Yesterday, as I engaged in study in my church office, my phone made it’s characteristic noise that let me know I had received an e-mail. I reached over, tapped the screen and read: “Explosions Rock Boston Marathon Finish Line.” About 20 minutes earlier, two explosions brought the much celebrated Boston Marathon to a halt as the rescue mission began. Some had been killed. Many had been wounded. Blood was everywhere. An atmosphere of celebration and cheer turned to one of fear, chaos, shock, and gut-wrenching grief.
As I awoke this morning, I read that the death toll had risen to 3 with the number of injured climbing to well over 100. There is a grave concern that some of those who are injured will not survive.
As is the case with millions of other Americans, my heart aches. My heart is angered. How dare someone ruin something so wholesome as the Boston Marathon! It is in that place that achievement is celebrated. Hard work has paid off. And thousands of Americans line the streets to cheer and encourage folks they don’t know and have never met.
And then someone sets off two bombs!
How are Christians to think about this … at least in regard to how we think of the perpetrator? This is important because as followers of Christ, we really don’t have an option to determine for ourselves how we are to react. As Christ-followers, we need to know what the Scripture says so that we can think and respond accordingly.
Some think that we are to love and forgive the one who did this thing. Others think that he is deserving of the ‘eye for an eye’ principle. In fact, according to Scripture, he should get … both!
Let’s take a look at some relevant Scripture…
In Romans 12:9-21, we read how we as individual Christians are to relate to others. It begins with “Let love be genuine.” That makes sense because the two greatest commands are to 1) love God with everything we’ve got and 2) love everyone we encounter just as we care about ourselves.
Yet, in these verses, God acknowledges that not everyone is going to be easy to love. Thus, the need for the following verses:
Romans 12:14 “Bless those who persecute you; bless and do not curse them.”
Romans 12:17 “Repay no one evil for evil…”
Romans 12:19-21 “Beloved, never avenge yourselves, but leave it to the wrath of God, for it is written, “Vengeance is mine, I will repay, says the Lord.” To the contrary, “if your enemy is hungry, feed him; if he is thirsty, give him something to drink; for by so doing you will heap burning coals on his head.” Do not be overcome by evil, but overcome evil with good.”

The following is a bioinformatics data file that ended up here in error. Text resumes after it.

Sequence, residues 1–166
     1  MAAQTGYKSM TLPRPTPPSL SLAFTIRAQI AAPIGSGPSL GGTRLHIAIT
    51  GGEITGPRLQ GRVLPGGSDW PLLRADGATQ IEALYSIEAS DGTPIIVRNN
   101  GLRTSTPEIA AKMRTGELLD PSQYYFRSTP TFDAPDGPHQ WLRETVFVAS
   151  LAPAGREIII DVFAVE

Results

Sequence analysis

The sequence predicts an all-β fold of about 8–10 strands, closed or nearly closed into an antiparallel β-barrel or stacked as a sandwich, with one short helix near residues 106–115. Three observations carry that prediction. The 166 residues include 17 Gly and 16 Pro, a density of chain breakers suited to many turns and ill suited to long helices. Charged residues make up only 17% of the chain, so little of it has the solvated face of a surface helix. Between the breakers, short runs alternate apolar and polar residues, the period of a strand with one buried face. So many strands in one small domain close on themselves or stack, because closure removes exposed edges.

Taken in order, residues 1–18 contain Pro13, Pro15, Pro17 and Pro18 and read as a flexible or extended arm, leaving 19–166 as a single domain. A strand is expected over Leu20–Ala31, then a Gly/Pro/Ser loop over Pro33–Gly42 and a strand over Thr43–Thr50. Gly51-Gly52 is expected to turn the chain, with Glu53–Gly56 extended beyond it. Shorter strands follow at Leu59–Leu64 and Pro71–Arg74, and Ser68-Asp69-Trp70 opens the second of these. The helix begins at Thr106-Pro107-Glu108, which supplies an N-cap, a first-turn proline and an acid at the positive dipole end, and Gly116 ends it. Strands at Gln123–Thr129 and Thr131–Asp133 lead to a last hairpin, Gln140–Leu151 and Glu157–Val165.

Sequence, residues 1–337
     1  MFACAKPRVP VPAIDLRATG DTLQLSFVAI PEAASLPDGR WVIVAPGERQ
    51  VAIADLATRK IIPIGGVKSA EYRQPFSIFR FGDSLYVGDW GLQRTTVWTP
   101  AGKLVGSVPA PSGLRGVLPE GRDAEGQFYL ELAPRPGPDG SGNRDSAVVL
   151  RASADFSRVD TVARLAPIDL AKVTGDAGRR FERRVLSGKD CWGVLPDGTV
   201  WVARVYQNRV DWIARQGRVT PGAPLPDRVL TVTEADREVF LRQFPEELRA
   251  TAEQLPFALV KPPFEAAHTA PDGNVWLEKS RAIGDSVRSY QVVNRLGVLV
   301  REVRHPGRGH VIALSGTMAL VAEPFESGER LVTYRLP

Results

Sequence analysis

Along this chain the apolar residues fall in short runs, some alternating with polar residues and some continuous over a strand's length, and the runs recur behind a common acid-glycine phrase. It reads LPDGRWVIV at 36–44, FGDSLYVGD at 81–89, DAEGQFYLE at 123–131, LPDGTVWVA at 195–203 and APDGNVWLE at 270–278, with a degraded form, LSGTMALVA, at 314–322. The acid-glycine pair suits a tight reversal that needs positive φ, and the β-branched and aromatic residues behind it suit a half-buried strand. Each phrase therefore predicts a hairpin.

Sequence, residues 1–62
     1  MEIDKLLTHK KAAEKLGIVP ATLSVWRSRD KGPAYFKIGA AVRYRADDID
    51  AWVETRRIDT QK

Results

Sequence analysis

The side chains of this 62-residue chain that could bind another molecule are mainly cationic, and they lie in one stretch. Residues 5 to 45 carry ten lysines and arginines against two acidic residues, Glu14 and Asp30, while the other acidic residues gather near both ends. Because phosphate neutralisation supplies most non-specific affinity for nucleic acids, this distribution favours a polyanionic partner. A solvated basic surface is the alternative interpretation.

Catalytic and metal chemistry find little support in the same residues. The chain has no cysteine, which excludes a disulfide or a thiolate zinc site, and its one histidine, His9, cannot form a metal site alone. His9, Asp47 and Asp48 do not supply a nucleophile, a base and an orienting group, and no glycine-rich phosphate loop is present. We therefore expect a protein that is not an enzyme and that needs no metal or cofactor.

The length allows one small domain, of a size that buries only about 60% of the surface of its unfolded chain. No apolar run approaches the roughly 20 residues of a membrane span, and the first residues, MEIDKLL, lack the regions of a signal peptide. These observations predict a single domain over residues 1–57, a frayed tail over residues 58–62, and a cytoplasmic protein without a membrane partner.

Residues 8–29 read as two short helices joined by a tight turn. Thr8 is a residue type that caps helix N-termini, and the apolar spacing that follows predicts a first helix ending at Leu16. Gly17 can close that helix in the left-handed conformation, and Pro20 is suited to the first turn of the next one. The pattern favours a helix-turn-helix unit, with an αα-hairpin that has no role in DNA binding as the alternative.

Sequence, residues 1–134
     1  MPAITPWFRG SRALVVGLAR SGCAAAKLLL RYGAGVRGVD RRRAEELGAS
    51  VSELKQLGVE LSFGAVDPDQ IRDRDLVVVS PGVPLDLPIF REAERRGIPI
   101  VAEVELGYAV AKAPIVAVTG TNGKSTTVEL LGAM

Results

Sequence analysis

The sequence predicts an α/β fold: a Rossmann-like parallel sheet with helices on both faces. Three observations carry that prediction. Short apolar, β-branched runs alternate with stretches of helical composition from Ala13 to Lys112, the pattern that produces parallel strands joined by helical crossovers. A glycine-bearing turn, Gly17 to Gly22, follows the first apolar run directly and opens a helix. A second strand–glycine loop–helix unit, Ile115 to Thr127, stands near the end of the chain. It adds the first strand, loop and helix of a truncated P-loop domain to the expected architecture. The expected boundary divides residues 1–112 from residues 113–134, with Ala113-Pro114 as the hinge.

I’ve heard that there was a ‘person of interest’ being guarded at a Boston hospital as soon as 2 hours after the ordeal. Could it be that they already have the perpetrator? Well, looking at the verses we’ve just read, is our only response to love him and forgive him (if he is actually the one who did this horrible thing)? Are we supposed to bless him and not exercise any sort of revenge?
If those questions are directed at individual Christians, the answer is a resounding “Yes!” But, if those questions are directed at the U.S. Judicial System, the answer is a resounding “No!”
Why do I make this distinction? Because the Bible does.
The very next verse after “overcome evil with good” is the first verse of Romans 13. In the previous verses, it stated clearly that we aren’t, as individuals, to seek revenge. We are to let God take vengeance. Well, how does God take vengeance upon the evil doer? Simply read the next verses.
Romans 13:1-4 “Let every person be subject to the governing authorities. For there is no authority except from God, and those that exist have been instituted by God. Therefore whoever resists the authorities resists what God has appointed, and those who resist will incur judgment. For rulers are not a terror to good conduct, but to bad. Would you have no fear of the one who is in authority? Then do what is good, and you will receive his approval, for he is God’s servant for your good. But if you do wrong, be afraid, for he does not bear the sword in vain. For he is the servant of God, an avenger who carries out God’s wrath on the wrongdoer.” (emphasis added)
This is how the “wrath of God” against evil mentioned in Romans 12:19 plays out. It comes through the government. God has personally set in place the governing authority over each country (He’s given each country exactly what they deserve). Further, they are set up by God to be “an avenger who carries out God’s wrath on the wrongdoer.”
Simply put, individual citizens are to show grace and mercy to the most guilty of criminals. Governments are to execute blind justice. Individuals are to love and forgive. Governments are to punish.
In fact, if you look at the three instances where the “eye for an eye” principle was commanded in Scripture (Exodus 21:24; Leviticus 24:20; Deuteronomy 19:21), you would notice that the context addresses Israel’s judicial system, not Israel’s individual citizens. The judicial system was to administer punishment equal to the crime (not greater or less than; i.e. “an eye for an eye”) and the individual citizens were not to take justice into their own hands.
So, in regard to the Boston Marathon tragedy, Christians should pray for the one responsible. We should pray for his salvation. We should pray for him to acknowledge his wrongdoing and make things right. If he was thirsty and we had water to give him, we should give it. If he is hungry, we should feed him.
But, at the same time, our judicial system should not let us down. Its purpose is to exercise blind justice. As individuals, we are to extend grace. But, for the betterment of society and as a deterrent to further crime, the judicial system should deal harshly and fairly with the perpetrator to the full extent of the law.
Grace AND ‘An eye for an eye’ apply!